The closest link between the people that make wine and the people that drink it
Wine Matters interviews Rhône producer Christine Saurel from Montirius, about deciding to become biodynamic and what it means to them
WM: What attracted you to follow biodynamic production methods?
CS: When our oldest daughter Justine fell ill we started using homeopathic medicine and found it to be an effective treatment. This discovery brought important changes to the way we treated illnesses, our eating habits and our general way of thinking. We starting questioning the methods we used to grow grapes and work the land and began looking at how to make the transition from conventional viticulture to biodynamic production.
We felt it made sense for us to start following biodynamic farming methods as it mirrored, in principle, the way we successfully treated our daughter’s illness, by administering homeopathic doses of natural products to the vine according to the phases of the moon and sun.
WM: How did you make the transition from conventional viticulture to being awarded organic and biodynamic certification?
CS: Achieving biodynamic accreditation was not an easy process, we had to follow stringent stipulations over several years before we could label our wines biodynamic and organic.
The first steps we made were to stop using chemical fertilisers on our vineyard. We replaced these pesticides by using natural yeast and bacteria to control disease and insects. In November 1996 we made the decision to officially convert our estate to a biodynamic way of farming following a meeting with François Bouchet who had been practicing biodynamics for 50 years on his own estate in the Loire Valley. He convinced us that biodynamic production was the best way to improve the health of the vineyards and farm in harmony with the land, ultimately producing the best wine possible.
To get official certification, Ecocert (an organic certification organization mandated by the government), had to come to the farm each year for four years to check we were following organic standards. During the first year we were not allowed announce we were following organic production methods, in the second and the third year we let buyers know that we were making the conversion to become organically certified and by the fourth year, we officially received organic certification from Ecocert.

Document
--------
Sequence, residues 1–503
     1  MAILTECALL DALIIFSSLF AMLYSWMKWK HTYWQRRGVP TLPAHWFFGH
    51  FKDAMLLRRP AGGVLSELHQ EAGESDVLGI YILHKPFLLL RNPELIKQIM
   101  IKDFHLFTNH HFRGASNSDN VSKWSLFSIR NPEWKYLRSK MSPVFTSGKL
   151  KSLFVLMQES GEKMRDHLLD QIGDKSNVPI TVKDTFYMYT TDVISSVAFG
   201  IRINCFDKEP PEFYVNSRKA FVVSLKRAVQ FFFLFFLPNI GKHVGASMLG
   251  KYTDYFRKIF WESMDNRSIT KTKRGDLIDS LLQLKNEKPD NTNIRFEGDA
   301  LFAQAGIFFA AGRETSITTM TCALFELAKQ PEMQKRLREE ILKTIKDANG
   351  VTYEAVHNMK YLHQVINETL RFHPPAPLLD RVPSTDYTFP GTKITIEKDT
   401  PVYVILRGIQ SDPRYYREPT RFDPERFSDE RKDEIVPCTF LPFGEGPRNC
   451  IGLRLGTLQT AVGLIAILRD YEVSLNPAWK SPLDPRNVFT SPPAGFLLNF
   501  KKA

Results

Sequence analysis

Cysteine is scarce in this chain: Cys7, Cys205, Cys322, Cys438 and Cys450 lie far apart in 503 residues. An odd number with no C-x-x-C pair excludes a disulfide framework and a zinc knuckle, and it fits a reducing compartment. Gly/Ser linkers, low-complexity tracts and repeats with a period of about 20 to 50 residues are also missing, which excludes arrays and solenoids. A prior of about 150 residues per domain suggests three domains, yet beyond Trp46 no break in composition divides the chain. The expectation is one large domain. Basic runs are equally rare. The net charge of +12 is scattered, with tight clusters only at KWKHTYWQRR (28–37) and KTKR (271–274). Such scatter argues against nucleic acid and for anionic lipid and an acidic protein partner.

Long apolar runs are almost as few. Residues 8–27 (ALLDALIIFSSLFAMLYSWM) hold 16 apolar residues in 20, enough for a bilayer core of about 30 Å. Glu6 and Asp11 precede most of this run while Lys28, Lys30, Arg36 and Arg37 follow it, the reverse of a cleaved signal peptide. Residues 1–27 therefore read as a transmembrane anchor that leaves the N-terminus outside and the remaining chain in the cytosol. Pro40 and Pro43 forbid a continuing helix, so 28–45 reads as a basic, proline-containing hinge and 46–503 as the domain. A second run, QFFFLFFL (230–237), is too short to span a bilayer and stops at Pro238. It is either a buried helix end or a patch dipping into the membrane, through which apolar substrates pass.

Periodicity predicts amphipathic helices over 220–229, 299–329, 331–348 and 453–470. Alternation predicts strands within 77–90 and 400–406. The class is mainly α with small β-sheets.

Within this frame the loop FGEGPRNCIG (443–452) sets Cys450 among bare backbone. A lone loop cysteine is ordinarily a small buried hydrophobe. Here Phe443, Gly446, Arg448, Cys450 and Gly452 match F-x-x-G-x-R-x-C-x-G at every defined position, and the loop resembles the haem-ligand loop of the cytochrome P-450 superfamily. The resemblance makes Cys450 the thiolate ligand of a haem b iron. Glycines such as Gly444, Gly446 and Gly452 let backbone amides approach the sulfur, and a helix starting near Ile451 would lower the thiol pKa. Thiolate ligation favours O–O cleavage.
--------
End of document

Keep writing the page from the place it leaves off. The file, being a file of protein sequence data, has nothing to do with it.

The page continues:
At the same time as following organic standards, we started following the Biodyvin’s biodynamic rules. Biodyvin is an organisation similar to Demeter but provide biodynamic certification standards solely for French wine growers. On their visits Ecocert also checked we were following the Biodyvin rules and reported back to Biodyvin.
After four years of following Biodyvin’s biodynamic standards we were awarded biodynamic certification. The criteria is so rigorous that even if Biodyvin is satisfied that you are following biodynamic farming methods, your wine has to tasted by the Biodyvin committee before you can they can label it biodynamic.
WM: Do you think that being biodynamic and organic improves the taste of your wine?
CS: We have found that biodynamic production methods, given the stringent attention to detail required, results in better quality. The end result is that the wines have a stronger, clearer taste and are more vibrant and balanced.
WM: Have you noticed demand for biodynamic wine has increased in the last 10 years? Yes. With increasing concern about how the food and drink we consume affects our health we have noticed that many of our customers, particularly those who have had health problems in the past, choosing biodynamic wine. In addition, buyers, whose number one priority is offering customers the very best wine, are realising that there are many top quality biodynamic wines available.
WM: What else have you done to make your wine production more ethical?CS: We have an innovative water treatment station that cleans water without using machines. The unique system uses plants such as phragmites (reeds) water irises, lilies, nettles and algae to treat the water.